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On The Street of Eternal Happiness number 342, there’s a shop that stands out among its noodle stand neighbors. It’s Chinese name is Zhenbian Youxi. It literally translates to “pillowside games.” It’s a toy shop — for adults.
Shop manager Chen Yiyi says sex toys are big business in China. The short bubbly woman in her 30s manages this shop along with four other stores in Shanghai. Each of them makes as much as $3,000 a day. Beijing doesn’t keep official statistics, but state media report that China has more than 200,000 sex shops competing for billions of dollars in revenue each year.
China’s biggest sex shop emporium is a four-story mall here in Shanghai. Chen says it’s clear why these shops are so popular. “Many Chinese don’t know much at all about sex and reproductive health,” says Chen, “most of our customers come here because they’re curious.”
Chen says it’s not that there’s a lack of sex in China — this is the world’s most populous country, after all — it’s just that China’s conservative culture makes it difficult to educate people about sexual health. The hit song “Let’s talk about Sex” from Salt n’ Pepa urged Americans to talk more openly about sex during the height of the AIDS crisis 20 years ago. In China, says Chen, the problem is nobody talks about sex: parents don’t talk to their kids about it, schools don’t do a good job at teaching it, and that leaves people like her — managers of sex shops — to step in as educators.
“We have no choice,” says Chen. “I remember one of my first customers was a very pretty girl who came in with a Louis Vuitton bag on her shoulder. She looked rich and happy, but once we began to talk, she started to cry. She said her husband was wealthy and handsome, but in the bedroom, he had no idea what foreplay was or how to do much of anything.”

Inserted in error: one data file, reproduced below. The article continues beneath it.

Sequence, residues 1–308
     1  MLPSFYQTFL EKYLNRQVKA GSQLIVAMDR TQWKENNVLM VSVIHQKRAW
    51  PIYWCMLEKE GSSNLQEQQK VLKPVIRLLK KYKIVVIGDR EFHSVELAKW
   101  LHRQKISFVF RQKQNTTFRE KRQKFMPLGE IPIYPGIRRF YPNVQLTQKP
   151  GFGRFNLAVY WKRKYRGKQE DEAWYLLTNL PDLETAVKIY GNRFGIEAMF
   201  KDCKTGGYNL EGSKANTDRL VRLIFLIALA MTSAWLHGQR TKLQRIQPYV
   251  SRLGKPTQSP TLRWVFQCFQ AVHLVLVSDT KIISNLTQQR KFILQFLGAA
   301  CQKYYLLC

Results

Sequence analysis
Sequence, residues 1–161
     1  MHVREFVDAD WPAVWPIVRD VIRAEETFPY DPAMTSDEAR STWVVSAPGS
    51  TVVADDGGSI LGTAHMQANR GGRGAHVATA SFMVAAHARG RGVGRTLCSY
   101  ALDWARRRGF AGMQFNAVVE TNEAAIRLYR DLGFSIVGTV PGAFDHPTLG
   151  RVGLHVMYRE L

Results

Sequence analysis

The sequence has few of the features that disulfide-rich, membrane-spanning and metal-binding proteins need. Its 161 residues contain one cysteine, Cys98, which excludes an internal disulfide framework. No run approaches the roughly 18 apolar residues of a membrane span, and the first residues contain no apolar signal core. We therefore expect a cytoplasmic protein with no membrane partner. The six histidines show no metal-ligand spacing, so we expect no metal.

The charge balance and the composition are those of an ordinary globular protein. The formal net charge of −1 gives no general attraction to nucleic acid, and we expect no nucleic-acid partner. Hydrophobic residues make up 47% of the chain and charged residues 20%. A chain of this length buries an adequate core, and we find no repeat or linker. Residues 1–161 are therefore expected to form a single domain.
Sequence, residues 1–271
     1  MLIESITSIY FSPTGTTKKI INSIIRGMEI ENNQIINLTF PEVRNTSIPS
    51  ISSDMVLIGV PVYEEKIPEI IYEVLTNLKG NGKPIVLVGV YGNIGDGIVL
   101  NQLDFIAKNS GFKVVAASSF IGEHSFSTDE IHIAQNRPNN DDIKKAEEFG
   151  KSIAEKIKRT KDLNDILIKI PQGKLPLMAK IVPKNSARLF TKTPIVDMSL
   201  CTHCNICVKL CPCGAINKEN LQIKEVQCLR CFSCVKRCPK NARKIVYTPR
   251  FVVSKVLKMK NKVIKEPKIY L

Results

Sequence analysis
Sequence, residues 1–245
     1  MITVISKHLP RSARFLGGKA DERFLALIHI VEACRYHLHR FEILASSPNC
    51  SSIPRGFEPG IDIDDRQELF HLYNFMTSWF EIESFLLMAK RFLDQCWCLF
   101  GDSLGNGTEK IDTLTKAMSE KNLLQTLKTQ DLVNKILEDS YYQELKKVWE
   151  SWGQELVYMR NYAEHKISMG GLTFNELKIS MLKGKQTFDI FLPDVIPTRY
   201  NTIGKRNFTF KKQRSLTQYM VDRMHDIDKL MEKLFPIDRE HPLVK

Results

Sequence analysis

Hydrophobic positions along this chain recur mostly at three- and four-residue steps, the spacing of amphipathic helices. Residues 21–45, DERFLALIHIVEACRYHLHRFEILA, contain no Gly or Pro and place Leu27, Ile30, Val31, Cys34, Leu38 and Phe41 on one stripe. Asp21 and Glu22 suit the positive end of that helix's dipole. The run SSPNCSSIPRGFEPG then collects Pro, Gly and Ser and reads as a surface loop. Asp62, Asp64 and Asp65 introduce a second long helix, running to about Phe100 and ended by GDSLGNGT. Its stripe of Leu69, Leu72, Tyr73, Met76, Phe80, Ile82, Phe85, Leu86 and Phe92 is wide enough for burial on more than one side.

Chen says she gives advice to customers like this all the time. And this is just one of many things that sets apart sex shops in China from those in the U.S., says Richard Burger, author of “Behind the Red Door: Sex in China.” The first rule of thumb in a Chinese sex shop is no pornography — it’s illegal in China.
“Sex stores aren’t presented in China as places for titillation. They’re presented as places for solutions,” says Burger.
Solutions brought to you, in part, by the government, which approves these shops and treats them as health care providers. “The Chinese government sees these shops as a way to make its citizens happy, healthy, and content,” says Burger. “They believe that when people are having a healthy sex life they have a more functional family that adds to social stability and that in turn adds to greater tolerance for the government.”
In China, as in the U.S., sex has been political for some time. A song from the late 1960s in China urges people to fight against bourgeois tendencies. Bourgeois tendencies, like sex, says Burger.
While the counter culture movement in the U.S. encouraged free love, across the planet, Mao Tse-Tung’s Cultural Revolution urged the opposite. “Sex was totally prohibited,” says Burger. “You could not express sexual feelings if you weren’t married, because that was seen as a sign of Western spiritual pollution. This went on for years and many felt that a piece of their life was stolen away from them.”
And on the Street of Eternal Happiness, sex shop manager Chen Yiyi stands among shelves of blow-up dolls, French ticklers and other colorful accessories. She tells me it doesn’t matter whether her customers buy any of these things. She says she just wants to help them, comfort them, reacquaint them with a natural part of their lives, and if they leave her shop happier than when they arrived, her job is done.
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